Discover more in Singapore
Singapore is perfect for a stopover before your onward journey to Asia, Europe or beyond.Search multi-city flights
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There’s more to Singapore than you can imagine. Whether you’re stopping over or staying longer, you’ll love this island city of contrasts.
Discover diverse attractions, mouth-watering cuisine, iconic hotels and world-class shopping. From Katong’s colonial architecture and buzzing Little India, to idyllic Pulau Ubin and the futuristic Gardens by the Bay, head in any direction and you’ll find endless possibilities for new experiences.
Singapore’s supercharged food scene is legendary. Visit a hawker centre to sample tasty local dishes or try Labyrinth for a new take on traditional cuisine. Just remember to make time for a drink at Native Bar, which uses exotic local ingredients or Lantern, a rooftop bar with stunning views.
Once you’ve ticked off a festival like Deepavali or Chinese New Year, it’s time to see more of this vibrant city and island.
Explore the cultural precincts and local neighbourhoods for strangely unique and wonderfully diverse experiences.
South of the river lies Singapore's Chinatown and Downtown districts.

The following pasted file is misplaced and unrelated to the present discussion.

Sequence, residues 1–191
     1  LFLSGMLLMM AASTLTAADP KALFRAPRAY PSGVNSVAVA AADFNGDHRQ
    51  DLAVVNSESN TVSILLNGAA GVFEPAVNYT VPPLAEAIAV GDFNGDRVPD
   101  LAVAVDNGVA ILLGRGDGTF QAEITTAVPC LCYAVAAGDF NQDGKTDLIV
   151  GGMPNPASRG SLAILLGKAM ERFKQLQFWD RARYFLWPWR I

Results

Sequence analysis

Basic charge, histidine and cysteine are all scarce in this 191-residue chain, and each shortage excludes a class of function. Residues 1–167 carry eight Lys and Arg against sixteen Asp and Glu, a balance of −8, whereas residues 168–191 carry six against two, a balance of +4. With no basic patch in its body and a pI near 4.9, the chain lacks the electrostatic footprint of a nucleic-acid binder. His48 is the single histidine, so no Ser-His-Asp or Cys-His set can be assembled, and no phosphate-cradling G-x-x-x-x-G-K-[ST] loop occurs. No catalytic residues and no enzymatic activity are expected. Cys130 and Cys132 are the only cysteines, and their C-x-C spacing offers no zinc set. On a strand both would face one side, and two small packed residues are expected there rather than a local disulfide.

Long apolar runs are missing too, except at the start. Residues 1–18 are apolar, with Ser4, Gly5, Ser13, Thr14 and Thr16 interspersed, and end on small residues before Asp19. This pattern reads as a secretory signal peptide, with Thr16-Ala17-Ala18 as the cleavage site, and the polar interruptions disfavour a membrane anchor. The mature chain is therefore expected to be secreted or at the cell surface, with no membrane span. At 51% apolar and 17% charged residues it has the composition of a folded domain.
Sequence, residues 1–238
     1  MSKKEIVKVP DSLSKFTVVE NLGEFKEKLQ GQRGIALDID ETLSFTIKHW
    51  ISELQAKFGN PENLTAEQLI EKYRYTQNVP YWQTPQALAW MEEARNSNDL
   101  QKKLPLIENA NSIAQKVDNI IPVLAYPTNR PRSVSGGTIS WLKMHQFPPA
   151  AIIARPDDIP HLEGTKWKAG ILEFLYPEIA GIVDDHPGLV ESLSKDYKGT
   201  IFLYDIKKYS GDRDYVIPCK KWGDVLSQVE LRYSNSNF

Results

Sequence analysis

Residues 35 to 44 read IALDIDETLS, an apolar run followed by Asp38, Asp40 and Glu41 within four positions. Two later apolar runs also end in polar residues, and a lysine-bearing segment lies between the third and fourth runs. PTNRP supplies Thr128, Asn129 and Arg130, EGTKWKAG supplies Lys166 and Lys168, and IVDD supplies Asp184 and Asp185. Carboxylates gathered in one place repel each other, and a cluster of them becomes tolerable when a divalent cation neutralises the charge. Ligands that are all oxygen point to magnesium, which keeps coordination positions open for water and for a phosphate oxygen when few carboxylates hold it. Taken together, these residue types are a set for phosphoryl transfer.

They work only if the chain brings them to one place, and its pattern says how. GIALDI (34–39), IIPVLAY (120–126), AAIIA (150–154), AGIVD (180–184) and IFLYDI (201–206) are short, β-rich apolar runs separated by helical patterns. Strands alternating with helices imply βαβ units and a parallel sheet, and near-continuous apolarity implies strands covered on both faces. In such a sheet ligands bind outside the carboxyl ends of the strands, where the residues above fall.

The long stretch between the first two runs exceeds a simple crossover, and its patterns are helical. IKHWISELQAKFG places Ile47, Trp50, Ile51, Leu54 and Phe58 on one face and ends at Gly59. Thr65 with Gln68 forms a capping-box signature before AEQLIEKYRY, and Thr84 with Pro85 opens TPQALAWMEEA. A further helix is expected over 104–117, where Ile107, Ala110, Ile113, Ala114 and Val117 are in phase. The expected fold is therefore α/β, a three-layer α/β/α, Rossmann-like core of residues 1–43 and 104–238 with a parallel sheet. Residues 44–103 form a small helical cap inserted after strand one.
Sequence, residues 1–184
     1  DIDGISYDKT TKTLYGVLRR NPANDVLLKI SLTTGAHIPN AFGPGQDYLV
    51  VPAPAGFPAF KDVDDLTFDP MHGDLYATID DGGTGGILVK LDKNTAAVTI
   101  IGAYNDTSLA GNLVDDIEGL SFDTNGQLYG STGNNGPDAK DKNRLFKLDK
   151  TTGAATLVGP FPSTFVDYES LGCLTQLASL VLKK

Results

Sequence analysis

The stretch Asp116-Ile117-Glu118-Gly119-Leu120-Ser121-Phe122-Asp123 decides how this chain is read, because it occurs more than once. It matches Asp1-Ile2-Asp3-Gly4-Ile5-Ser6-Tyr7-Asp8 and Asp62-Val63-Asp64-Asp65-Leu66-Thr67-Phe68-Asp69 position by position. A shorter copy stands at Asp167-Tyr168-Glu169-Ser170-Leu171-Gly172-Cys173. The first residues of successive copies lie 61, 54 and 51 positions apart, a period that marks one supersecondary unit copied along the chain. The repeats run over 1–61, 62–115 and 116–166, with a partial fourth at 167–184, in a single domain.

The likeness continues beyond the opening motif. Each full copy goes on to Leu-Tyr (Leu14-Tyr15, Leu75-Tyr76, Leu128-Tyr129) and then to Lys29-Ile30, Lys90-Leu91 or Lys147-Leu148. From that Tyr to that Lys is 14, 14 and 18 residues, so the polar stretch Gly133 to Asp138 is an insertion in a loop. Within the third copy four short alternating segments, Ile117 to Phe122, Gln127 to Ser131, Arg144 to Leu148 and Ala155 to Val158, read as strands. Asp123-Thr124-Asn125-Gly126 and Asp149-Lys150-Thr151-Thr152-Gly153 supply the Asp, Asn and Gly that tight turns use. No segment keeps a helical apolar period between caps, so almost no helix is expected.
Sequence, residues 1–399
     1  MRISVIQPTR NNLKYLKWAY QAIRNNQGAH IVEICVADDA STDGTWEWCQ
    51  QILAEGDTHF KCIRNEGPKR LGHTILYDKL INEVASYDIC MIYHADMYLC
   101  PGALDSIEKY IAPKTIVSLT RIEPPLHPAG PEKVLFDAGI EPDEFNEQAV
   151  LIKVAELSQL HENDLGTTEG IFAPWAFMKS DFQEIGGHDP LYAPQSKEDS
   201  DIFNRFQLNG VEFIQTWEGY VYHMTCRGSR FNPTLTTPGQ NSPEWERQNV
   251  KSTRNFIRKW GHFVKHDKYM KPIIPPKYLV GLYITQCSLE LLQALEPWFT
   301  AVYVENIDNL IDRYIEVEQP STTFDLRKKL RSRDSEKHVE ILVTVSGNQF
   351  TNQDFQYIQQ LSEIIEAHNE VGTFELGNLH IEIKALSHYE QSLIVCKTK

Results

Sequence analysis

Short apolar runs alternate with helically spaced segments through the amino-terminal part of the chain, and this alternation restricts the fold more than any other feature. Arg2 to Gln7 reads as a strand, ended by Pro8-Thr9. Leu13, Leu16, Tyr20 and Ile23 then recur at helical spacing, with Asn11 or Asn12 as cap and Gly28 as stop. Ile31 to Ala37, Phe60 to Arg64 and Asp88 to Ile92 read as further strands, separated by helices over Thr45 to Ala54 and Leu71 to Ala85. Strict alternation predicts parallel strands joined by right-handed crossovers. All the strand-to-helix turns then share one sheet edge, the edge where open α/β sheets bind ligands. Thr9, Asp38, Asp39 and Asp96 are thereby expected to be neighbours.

Compact Chinatown is characterised by its historic narrow shop houses built in the 1840s. Although it’s now dwarfed by the neighbouring skyscrapers of the CBD, it’s worth wandering the streets to get a glimpse of its former history and a taste of its present day busy exoticism - with herbal medicine shops, long standing businesses, Chinese temples and food markets.
The rise of trendy eateries along Keong Saik Road and Club Street have revived the area and are establishing it as a hip alternative to the traditional nightlife hotspots of Clarke Quay and Boat Quay.
The Civic (downtown) district showcases some of the country’s most historic buildings that have been restored and given a new lease of life. There’s the Arts House built in 1827 which was formerly Singapore’s Old Parliament House, the Asian Civilisation Museum with its original neo-classical architecture or the Victoria Theatre and Concert Hall that was built in 1862.
Once home to a racecourse where the European settlers met and mingled, Little India was later used for cattle breeding and trading. Today a wander down Serangoon Road and its small side streets provides glimpses of spices, floral garlands, gold and fabrics.
Stroll to the Tekka Centre, a landmark building which houses a hawker centre, wet market and custom tailor shops. Or search for a bargain at the Mustafa Centre.
Head east to discover the Malay-Arab quarter of Kampong Glam, originally settled by Arabs, the Bugis, Javanese, Boyanese and people from the Riau Islands. Still a centre for bargains (with a particular focus on fabrics and crafts), the area also boasts fashion and style clout, with new restaurants, antique shops and boutiques popping up in the former shop houses.
Another must see is the Malay Heritage Centre within the well preserved grounds of the royal seat of the Malay sultans in Singapore.
At Marina Bay you can marvel at some of the city’s most iconic architectural masterpieces that dot the impressive Singapore skyline.